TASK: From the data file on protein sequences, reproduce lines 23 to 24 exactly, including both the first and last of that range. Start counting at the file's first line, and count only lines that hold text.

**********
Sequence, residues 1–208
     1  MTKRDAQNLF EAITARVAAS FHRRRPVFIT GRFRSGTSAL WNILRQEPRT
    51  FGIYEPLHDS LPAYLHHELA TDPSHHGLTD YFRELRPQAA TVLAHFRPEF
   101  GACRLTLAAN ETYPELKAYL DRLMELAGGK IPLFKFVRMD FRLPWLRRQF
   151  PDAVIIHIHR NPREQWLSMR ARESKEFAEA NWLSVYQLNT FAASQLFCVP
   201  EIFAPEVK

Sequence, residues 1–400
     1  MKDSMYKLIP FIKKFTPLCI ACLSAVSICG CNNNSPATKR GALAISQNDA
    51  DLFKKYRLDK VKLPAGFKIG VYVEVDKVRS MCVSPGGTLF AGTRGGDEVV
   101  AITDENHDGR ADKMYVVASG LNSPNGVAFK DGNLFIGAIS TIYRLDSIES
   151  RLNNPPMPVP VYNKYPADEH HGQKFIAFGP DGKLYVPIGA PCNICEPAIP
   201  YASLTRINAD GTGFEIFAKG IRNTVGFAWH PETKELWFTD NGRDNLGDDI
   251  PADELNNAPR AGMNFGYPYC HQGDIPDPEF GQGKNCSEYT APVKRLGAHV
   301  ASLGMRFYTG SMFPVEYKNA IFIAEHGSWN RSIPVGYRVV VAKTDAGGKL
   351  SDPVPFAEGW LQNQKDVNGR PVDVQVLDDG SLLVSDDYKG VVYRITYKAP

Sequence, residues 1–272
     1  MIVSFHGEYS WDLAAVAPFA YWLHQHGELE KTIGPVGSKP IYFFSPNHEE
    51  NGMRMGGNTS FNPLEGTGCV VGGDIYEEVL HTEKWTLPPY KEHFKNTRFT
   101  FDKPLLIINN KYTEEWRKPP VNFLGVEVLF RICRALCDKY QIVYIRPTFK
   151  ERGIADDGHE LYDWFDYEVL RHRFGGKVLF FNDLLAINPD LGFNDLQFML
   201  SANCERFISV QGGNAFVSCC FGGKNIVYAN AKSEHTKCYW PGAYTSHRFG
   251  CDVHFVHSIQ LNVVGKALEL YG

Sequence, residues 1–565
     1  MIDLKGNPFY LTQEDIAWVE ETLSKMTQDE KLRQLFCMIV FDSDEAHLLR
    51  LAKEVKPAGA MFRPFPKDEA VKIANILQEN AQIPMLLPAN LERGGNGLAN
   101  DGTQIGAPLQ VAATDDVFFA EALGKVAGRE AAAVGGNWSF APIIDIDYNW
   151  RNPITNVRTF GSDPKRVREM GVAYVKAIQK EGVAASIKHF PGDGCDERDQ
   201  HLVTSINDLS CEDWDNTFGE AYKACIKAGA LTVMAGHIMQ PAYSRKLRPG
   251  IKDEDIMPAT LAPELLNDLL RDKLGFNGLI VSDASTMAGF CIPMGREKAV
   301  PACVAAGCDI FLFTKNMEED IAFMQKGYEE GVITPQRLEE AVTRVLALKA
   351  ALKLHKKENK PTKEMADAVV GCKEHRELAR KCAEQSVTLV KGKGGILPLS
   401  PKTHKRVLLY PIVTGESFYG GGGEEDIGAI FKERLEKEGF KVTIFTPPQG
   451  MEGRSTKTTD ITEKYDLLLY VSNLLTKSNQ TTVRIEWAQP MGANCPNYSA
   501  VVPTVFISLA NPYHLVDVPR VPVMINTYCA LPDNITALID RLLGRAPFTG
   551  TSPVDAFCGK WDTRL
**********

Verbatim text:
Sequence, residues 1–565
     1  MIDLKGNPFY LTQEDIAWVE ETLSKMTQDE KLRQLFCMIV FDSDEAHLLR